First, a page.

Mayor of London Sadiq Khan has announced a £1 million program to counter the rise of violent extremism with a focus on the “far-right” in London.
That’s right. Those known, marauding gangs of Neo-Nazis baying for blood between Pret A Manger and Westminster Abbey.
“The rise of the far right in the UK and across the globe is a growing threat to us all,” said Khan earlier this week.
“They’re gaining ground and winning power in places that seemed unimaginable not too long ago. I am therefore pleased to announce today an extra £1 million to combat this scourge in London and that we are able to discuss ways to stop the spread of these vile ideologies with so many Mayors and city leaders.”
“The rise of the far right in the UK and across the globe is a growing threat to us all,” said Khan.
“With the continuing uncertainty caused by Brexit, I’ll also be extending the warm hand of friendship to my counterparts – reminding them London will always be open. We will always consider ourselves proud Europeans, living in a European city and those who have made their home here will always be welcome,” he added.
Infamous for stating that terrorism is “part and parcel of living in a big city”—a point the Mayor has reiterated time and again both on social media and in interviews—Khan’s announcement follows £400,000 previously invested by the mayor to tackle violent extremism, according to the Mayor’s office.
Khan made his announcement in a first-of-its-kind summit in London involving mayors from 12 European capital cities, who joined the Mayor of London to tackle a variety of issues including climate change and the “rise of the far-right.” The meeting at City Hall on Tuesday included the mayors of Amsterdam, Berlin, Dublin, and Amsterdam; and senior representatives from six other European capitals.
The meeting coincided with the publication of a new report by the Mayor of London’s office on how to safeguard vulnerable groups and suppress the spread of extremism. According to the Mayor, the report is the “most comprehensive listening exercise of this policy area ever, hearing from marginalized communities, disempowered women and young people.”
The report calls in to question terms like “international terrorism” and “domestic terrorism,” the former of which usually refers to Islamist-inspired terror attacks. The latter usually refers to right-wing extremists and domestic organizations like the Irish Republican Army (IRA).
Crucially, most of the terror attacks listed in the report were Islamist-inspired, including the recent April attack in Sri Lanka that claimed the lives of over 250 Christians on Easter Sunday.
“The perpetrators targeted Christians worshiping on Easter Sunday and tourists at hotels. Evidence suggests that the attackers were linked to DAESH. British citizens were amongst those killed,” the report states.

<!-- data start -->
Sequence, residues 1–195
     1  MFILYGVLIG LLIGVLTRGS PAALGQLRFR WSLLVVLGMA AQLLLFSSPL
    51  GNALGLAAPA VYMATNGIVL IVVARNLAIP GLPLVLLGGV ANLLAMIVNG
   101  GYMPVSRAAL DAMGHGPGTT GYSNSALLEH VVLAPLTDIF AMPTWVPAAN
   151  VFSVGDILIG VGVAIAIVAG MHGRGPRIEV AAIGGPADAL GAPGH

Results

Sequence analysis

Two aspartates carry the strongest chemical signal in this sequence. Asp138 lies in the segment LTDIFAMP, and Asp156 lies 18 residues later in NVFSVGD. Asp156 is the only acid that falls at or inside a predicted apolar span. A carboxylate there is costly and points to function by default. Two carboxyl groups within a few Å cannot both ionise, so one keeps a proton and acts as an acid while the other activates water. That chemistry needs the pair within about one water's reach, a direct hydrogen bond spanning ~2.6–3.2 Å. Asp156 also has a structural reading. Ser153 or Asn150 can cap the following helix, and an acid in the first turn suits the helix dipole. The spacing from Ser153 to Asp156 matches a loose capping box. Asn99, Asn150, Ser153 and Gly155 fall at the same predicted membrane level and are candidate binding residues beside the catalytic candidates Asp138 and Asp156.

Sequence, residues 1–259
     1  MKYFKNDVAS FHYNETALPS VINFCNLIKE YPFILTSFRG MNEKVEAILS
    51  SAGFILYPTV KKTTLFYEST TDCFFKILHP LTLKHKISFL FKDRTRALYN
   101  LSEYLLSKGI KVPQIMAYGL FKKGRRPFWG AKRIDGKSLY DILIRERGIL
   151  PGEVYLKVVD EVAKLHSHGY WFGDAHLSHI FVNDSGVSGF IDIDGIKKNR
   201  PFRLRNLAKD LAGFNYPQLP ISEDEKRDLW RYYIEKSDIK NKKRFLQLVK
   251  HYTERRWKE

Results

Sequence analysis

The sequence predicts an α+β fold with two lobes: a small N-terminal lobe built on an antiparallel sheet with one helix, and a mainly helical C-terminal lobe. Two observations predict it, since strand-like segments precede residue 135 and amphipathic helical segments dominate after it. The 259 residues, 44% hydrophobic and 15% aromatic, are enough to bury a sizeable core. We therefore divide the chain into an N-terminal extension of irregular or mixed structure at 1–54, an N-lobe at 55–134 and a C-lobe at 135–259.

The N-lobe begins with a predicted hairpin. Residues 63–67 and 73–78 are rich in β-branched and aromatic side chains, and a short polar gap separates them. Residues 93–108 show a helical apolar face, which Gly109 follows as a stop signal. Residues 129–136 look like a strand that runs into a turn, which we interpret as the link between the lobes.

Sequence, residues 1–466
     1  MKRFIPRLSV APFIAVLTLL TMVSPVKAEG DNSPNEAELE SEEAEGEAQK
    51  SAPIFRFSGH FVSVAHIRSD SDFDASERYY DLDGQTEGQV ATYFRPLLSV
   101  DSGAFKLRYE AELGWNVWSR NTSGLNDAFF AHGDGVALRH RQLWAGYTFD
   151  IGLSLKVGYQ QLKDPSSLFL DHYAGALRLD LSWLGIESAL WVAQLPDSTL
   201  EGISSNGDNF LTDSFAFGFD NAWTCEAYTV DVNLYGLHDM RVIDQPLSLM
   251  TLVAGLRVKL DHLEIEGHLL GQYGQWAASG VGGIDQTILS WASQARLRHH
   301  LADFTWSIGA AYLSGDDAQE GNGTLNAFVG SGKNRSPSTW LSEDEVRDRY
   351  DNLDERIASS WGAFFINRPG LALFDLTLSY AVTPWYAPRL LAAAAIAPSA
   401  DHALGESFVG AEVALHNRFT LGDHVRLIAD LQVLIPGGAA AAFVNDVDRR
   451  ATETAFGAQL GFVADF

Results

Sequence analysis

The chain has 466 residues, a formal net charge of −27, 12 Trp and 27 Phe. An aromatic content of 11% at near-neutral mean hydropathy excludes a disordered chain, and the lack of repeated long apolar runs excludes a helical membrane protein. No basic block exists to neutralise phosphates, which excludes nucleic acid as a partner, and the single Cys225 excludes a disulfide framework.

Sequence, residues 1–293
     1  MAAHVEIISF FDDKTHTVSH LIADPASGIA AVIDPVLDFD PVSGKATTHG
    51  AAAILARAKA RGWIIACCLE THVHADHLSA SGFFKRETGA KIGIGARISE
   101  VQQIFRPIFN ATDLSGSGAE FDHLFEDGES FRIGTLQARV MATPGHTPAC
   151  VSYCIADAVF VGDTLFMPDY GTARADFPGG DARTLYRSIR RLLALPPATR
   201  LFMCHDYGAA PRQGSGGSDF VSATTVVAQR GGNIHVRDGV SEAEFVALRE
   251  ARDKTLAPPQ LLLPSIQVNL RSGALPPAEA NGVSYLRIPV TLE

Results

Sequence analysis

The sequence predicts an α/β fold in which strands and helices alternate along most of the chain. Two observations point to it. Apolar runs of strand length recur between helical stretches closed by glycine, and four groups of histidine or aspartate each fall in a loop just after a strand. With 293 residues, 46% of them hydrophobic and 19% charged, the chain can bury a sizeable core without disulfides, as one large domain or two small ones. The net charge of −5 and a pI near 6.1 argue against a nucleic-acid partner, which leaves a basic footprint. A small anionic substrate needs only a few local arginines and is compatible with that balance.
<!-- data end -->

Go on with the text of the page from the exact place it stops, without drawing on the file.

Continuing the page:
The remainder of the report highlights the rise of “right-wing extremism,” with a focus on anti-multicultural and identitarian movements opposing mass immigration. It cites Tommy Robinson and his street protests as a manifestation of “right-wing extremism.”
“Most recently, so-called identarian [sic] movements have sought to market themselves as the ‘new right’ of rightwing extremist politics. Generation Identity (GI) is one such identarian [sic] extremist group. GI, which was created in France and spread out across Europe, claims to represent “indigenous Europeans” and propagates the rightwing conspiracy theory that white people are becoming a minority in what it calls the “Great Replacement”. GI has been noted to be active in London delivering publicity stunts and attending rallies.
Recorded instances of knife-related crimes in London stand in the tens of thousands
“New figures released by the Home Office show that over 7,000 people were referred to the Government’s Prevent programme between March 2017 and April 2018, and of those who were given support through Channel, 45% related to Islamist terrorism and 44% extreme right terrorism. Channel support is assigned to those considered to be most at risk of radicalisation.”
The meeting concluded with a promise to issue a joint declaration to tackle “hatred and intolerance by renewing and improving countering violent extremism activity across Europe,” along with implementing climate change policies.
Despite all this, the Mayor offered no word on his plans to properly tackle acid attacks and knife crime aside from posters urging criminals to give up their kitchen utensils. He refuses to be drawn on how he continues to criticize central government “cuts” in policing expenditure, while his office blows £1m on a report about extremism, instead of on front line policing.
The statistics speak for themselves. Recorded instances of knife-related crimes in London stand in the tens of thousands—a figure that Khan seems eager to sweep under the carpet as he refocuses his efforts to pursue the “far-right” bogeyman.
Ian Miles Cheong is the managing editor of Human Events
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